In partnership with CBSSports.com
Online Now 574
Online now 771 Record: 6507 (2/14/2012)
The place for Irish fans to engage in hardcore discussion about Notre Dame athletics
Talk with Irish fans from around the globe about college football's most storied program
The spot for anything on your mind outside of Notre Dame athletics
The place for Notre Dame fans to trade and exchange tickets
You have no favorite boards.
The most viewed topics.
The most replied to topics.
The most up-voted topics.
The most down-voted topics.
The most up-voted posters.
The most down-voted posters.
The most followed posters.
On January 1, 1989, ND won its last consensus national championship
(some of us would claim that ND won another in 1993 but that's another
Since that time what, in my fellow posters opinion, has changed in college
football to prevent or at least make it very tough for ND to win another?
For purposes of this thread, I thought we could dispense with ND's
administrative deficiencies (real or imagined) as that has been recently
covered in another thread. I also thought we would not focus on our
coaching staff (also discussed repeatedly on different threads) or
our players' attitude and morale since these are internal to ND.
My question goes to a feeling I have seen expressed without much
elaboration, that since the Holtz Era "college football has changed
and not to ND's benefit." If so, in what way has college football changed?
For example, conference realignment has implications for ND's
independence but in and of itself, has conference realignment
dimmed ND's national championship aspirations?
Our schedule vs. others' schedule is certainly a topic but is
our schedule our problem or college football's problem?
The creation of the BCS? or a playoff? If we were winning
enough, would this be a problem?
Influx of money?
Willingness to cheat (but haven't we always had "renegade"
Academics? But, wasn't this an issue in Holtz's time too?
ESPN? David Haugh? Brian Hamilton? A Conspiracy at
the Chicago Tribune?
One thing that has struck me is that there seems to more "parity"
in college football today than there was in Lou's time, that
maybe in Lou's time, fewer teams could really challenge the
NDs, Michigans, USCs, Miami, Oklahoma, Nebraska, Florida
State, Ohio State and the like. There seems to be more talent
spread out over more teams which makes it tough to run the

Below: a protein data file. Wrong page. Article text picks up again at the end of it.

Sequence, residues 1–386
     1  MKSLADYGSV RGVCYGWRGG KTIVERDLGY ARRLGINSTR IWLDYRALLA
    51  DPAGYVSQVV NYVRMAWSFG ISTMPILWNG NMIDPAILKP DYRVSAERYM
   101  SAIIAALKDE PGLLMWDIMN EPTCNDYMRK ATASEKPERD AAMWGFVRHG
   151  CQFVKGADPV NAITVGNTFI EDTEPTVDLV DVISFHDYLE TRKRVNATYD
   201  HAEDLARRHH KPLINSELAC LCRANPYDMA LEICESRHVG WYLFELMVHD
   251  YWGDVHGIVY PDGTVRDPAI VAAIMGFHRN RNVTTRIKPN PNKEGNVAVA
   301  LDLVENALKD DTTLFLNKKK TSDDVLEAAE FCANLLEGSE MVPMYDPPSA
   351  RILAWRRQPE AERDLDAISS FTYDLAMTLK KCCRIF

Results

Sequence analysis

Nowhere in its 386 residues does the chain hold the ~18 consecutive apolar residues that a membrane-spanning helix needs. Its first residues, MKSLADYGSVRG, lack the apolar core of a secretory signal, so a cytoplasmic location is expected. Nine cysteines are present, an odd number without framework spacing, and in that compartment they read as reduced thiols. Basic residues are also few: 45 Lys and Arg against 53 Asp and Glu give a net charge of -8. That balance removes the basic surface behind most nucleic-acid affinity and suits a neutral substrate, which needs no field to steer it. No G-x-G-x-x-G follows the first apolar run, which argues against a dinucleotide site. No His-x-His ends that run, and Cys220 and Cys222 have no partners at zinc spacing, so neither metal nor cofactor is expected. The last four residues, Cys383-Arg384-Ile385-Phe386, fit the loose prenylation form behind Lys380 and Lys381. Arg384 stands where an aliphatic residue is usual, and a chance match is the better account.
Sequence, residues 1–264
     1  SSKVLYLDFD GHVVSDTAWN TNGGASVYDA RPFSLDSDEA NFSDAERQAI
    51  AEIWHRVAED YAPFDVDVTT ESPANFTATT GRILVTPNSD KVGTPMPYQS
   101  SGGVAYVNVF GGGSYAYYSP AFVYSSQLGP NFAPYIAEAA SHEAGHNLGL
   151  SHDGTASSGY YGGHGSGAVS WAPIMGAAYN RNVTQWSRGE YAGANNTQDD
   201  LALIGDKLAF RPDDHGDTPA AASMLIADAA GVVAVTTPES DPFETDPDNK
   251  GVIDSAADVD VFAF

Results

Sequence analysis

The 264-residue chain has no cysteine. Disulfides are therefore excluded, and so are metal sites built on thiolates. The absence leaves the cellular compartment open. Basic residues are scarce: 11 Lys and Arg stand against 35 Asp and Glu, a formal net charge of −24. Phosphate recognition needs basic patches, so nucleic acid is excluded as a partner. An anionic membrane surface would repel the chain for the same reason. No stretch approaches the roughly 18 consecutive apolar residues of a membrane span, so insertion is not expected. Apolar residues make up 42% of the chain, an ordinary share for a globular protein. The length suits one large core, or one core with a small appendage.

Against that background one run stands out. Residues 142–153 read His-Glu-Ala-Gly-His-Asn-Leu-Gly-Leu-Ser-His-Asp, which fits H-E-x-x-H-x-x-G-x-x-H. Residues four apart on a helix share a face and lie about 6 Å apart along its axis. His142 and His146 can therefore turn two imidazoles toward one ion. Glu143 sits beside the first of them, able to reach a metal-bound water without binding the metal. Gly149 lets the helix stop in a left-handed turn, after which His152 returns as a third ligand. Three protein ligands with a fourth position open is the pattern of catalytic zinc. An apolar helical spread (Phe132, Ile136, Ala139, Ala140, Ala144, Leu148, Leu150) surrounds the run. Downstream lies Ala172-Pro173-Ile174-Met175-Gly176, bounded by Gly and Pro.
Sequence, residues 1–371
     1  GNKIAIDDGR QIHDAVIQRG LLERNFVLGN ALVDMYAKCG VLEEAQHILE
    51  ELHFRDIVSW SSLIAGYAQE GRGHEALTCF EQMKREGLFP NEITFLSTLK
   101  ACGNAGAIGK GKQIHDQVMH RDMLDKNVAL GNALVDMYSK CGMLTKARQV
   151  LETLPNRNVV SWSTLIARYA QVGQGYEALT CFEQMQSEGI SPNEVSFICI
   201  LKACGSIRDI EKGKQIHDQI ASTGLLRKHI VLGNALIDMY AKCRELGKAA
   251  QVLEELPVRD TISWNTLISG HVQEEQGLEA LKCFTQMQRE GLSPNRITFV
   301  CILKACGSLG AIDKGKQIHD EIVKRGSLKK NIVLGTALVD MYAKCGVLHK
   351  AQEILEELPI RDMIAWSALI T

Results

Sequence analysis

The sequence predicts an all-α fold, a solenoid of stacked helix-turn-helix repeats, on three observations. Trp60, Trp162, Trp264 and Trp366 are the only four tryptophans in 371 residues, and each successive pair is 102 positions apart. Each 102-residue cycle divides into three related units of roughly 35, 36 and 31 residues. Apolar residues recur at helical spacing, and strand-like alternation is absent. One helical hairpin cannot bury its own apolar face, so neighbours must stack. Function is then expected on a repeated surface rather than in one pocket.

gauntlet (but doesn't Alabama, LSU , Florida have gauntlets
So, as long as we are in that time of year when philosophical
threads like this are more appropriate, I thought I would
ask---has college football itself changed in a way that
the cards are stacked against ND? If so, How?
What say you?
One factor IMO, is not necessarily college football changing, but communication and exposure.
Not that long ago, there were practical limits on TV exposure for teams. There were only a few TV stations that carried games (almost all network) and they limited programming to only the top games each week. Therefor, potential recruits only saw only a limited number of teams, and if they wanted to play on TV in college, the available schools were limited. ND was shown frequently, even before the NBC contract, and that which was greatly multiplied by that contract. As a consequence, the better recruits were not as familiar with as many schools, and the TV lure also limited selection.
Now, there are more than 30 stations broadcasting games each week, and most of those are devoted to showing several games a day. Recruits are exposed to many more schools,every week, and the lure of playing on TV is not as decisive, since almost every decent team will be shown at least several times a year.
This has greatly increased the opportunity for a much larger number of schools to reach out to more recruits.
Unfortunately, for various reasons, what has been shown on TV for Notre Dame in the past 2 decades, has not been always persuasive to many recruits. We live in an age of instant gratification, and rebuilding projects do not always interest many. Notre Dame's mystique and legend is based on events and times long before current recruits were born.
Just a thought.
However, without trying to sound trite about it, winning cures a lot of ills. I believe we're on the right track. Go Irish!
This post was edited by nd3b 23 months ago
Since Oaklahoma and Texas started winning again in the late 90s,the Irish get shut out landing 4 or 5 goods prospects almost every year in both States,thats hurt Notre Dame alot the last decade.
If we were going 10-2 every year and being screwed out of a shot, I'd say this thread made sense but since the on field product has been mediocre it is hard to say that somehow the deck is stacked against when we haven't even won a hand.
2011 B&G Poster of the Year, 2012 B&G Poster of the Year,
2013 B&G Poster of the Year, 2014 Preseason B&G Poster of the Year
yep, i agree with that also.
Two time Poster of The Week, 2011 and 2013.
changing demographics in the last 25-30 years. ND's base, the midwest, is the rust belt; more people living in the south and west; less kids going to Catholic schools, which used to be a pipeline to ND. These changes have negatively impacted ND.
247Sports In partnership with CBS Sports